Journal of the Irish Folk Song Society, Volume 4, Issue 20, Page 8

Journal of the Irish Folk Song Society, Volume 4, Issue 20, Page 8
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Irish Folk Song Society
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Journal of the Irish Folk Song Society
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14154 Do chuardaigh 54 sldibhte gus dubh-chnuic Uibh-LaoghaireGo ndeaghaidh sO go Cjin siar de scathamh,Dubh hoil1 le chOile is an tSeithe ar gach taobh d l,Gus thOg 4 ar an gCaol-Choill cart lesnna.Na Bruine n-a dhOigh sin do chuardaigh go h-OachtachGus ghaibh tn 3 an MOalaigh sian treasna,Cacti plaais agus bOillic is tie Chnoc-na-L4inie,Gus thg s a dhinnar sa Ghleann Gharbh.5 Dimhthigh sO ldithreach go Baile an ChaisledinIs go leis nior stadaigh,Chun Ei c-na-Ceflrdchan do chuardaigh go h-dluinnGus tnid an njBundn go Ceann Mara:Ciii Oarbhdn agus ohun Coili-an-PhdideGus na pluaisreacha td i n-Eisc-an-Chapaili, agus Coiilte Chroebitin,Gus ar Dhoire Bonitin bhI an maidin.6 A thuajrisc I n-aonchor nI bhfuair sO sa mOid sin,Agus tild an Eisc-Caol do ghaibh treasna,Chun Loch-na-mBraon agus Loch Chain-an-bOise,Agus chuardaigh dhe. thaobh Ch*im-na-gCapail.Sios go dti an LOin-Loch agus chun Muilleann LOit.hiAgus chuardaigh n-a dhOigh sin Tigh an Easbuig;SO dubhairt Aigi Eigear, ghlac truagh I den tsOimhfhear,Go raibh s n-a dhOigh i dtre an bhaile.7 Do ghiuais 54 agus fonn air trO Mhaighinis ag pramsaigh.Is nior dhearmhad sO Gleanata na Fleasga,Leastiar den atihainu is chun Faill-an-Deanhain,Is ar fhilieadh db anall Innse-an-Ghleanna.Claedeach gan arnhras is Cnoc-Lioe-Beambaire,Agus Abh-Phojll-an-Qhabhair do ghaibh treasna,Gus ar maidin DO Domhnaigh I dtigh Bhili hountSeadh airigheadh 0 ag meanniaigh fOn leabhaidh.8 Dimhthigh sO litithreach is ghlaoidb an an Sitirsint,Agus thOg sO n-a bhragha 4 go tapaidhGo dt.i Dochttiir Bitlduinn, is 0 sgniobh do bbardntasGo gcuirfi 0 litithreach thar caise.Ar a ghabhftil soir tie Ard-drom do casadh Sir George air,Agus dnmhlaigh don tsitirfhear on uGeata,Do thug feirm na Beitrnan faoi phaiteann go brath do,Acht 0 leogaint chun a mhnd gus a leanbh.1 Weary and worn, troubled and miserable am I,Spiritless now for some time past,Since I beard this lament of Dermo of Barna,And I grieve to tell his story.When our hero came to the Wooden Bridge.He dropped in to the tavern as usual,Calling for quanta and standing drinks round,As lively a toper as Bacohus.2 He was generous and hearty, as local report says,And he stayed there for a while,Till there came a daring ruffian or a streot scavengerWho threw his (Dermots) bag away over a wall.He had a lob of things in his wallet I dont care to mention,But there was in it a lovely, white-faced cab, I understand,Which wouldnt leave a rat in a haystack or a mouse in any building,It is a terrible loss to the (whole) towniand.8 When he caine complaining to me I told the brave manThat it would have to be restored;I immediately called up Stephen (my brother),And off he went at the double,Across the hills to Kinsales fair harbourAnd back through Murragh;In Owlig Wood he was distressed and much tormentedAnd came near being drowned in Oaha ford.4 He searched the mountains and the dark hills of Iveleary,Till he reached as far west as Keimaneigh,Doughill and Shehy on each side of it,And at Kealkil he drank a quart of ale.After that he made a wonderful search of the BreenysAnd went west across the Mealagh,Through every covert and cave, and through Onoc na-L0inie,Till he took his dinner in Glengariff.S Straighbway he went then to Castletownbere,And didnt stop till he reached Cametringane,He made a fine trip to Eiso na.Oei rdchaflAnd through Bonane to Kenmare.Kilgarvan and KilfaddemoreAnd the coverts that abound in Eisc-an-ChaPaill, and the wood of Orohane,And he was at Derrybonane in the morning.6 He found no trace whatever of it so far,And he went across Eisa-Gaol,To Lochna-mBraofl and Loch Oitm an-DiSeAnd searched both sides of Cam-na-goapali.Down to Loch Leane and to Muilleann LithiAnd he searched the Bishops House after that;Aggie Eager took pity on the good man and told hunThat the cab was behind him in the direction of home.7 He went leaping spiritedly through MinishAnd didnt neglect Glenflesk.Beyond the river to FoiladownAnd Inch on the way back.The Clydagh of course and the hill of LaokrourAnd across,And on Sunday morning in Billy Chounts houseIt was heard mewing under the bed.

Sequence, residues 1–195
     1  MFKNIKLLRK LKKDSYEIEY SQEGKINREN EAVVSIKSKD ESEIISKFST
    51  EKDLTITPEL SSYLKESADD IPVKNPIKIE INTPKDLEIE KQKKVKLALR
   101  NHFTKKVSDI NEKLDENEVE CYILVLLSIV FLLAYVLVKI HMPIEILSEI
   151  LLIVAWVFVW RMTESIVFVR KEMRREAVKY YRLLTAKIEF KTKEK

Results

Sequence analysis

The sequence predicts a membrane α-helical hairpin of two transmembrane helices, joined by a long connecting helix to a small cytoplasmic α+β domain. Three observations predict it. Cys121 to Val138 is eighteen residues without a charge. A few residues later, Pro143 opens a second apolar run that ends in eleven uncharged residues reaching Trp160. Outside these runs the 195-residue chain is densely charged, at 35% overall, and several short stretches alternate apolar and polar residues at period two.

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Journal of the Irish Folk Song Society, Volume 4, Issue 20

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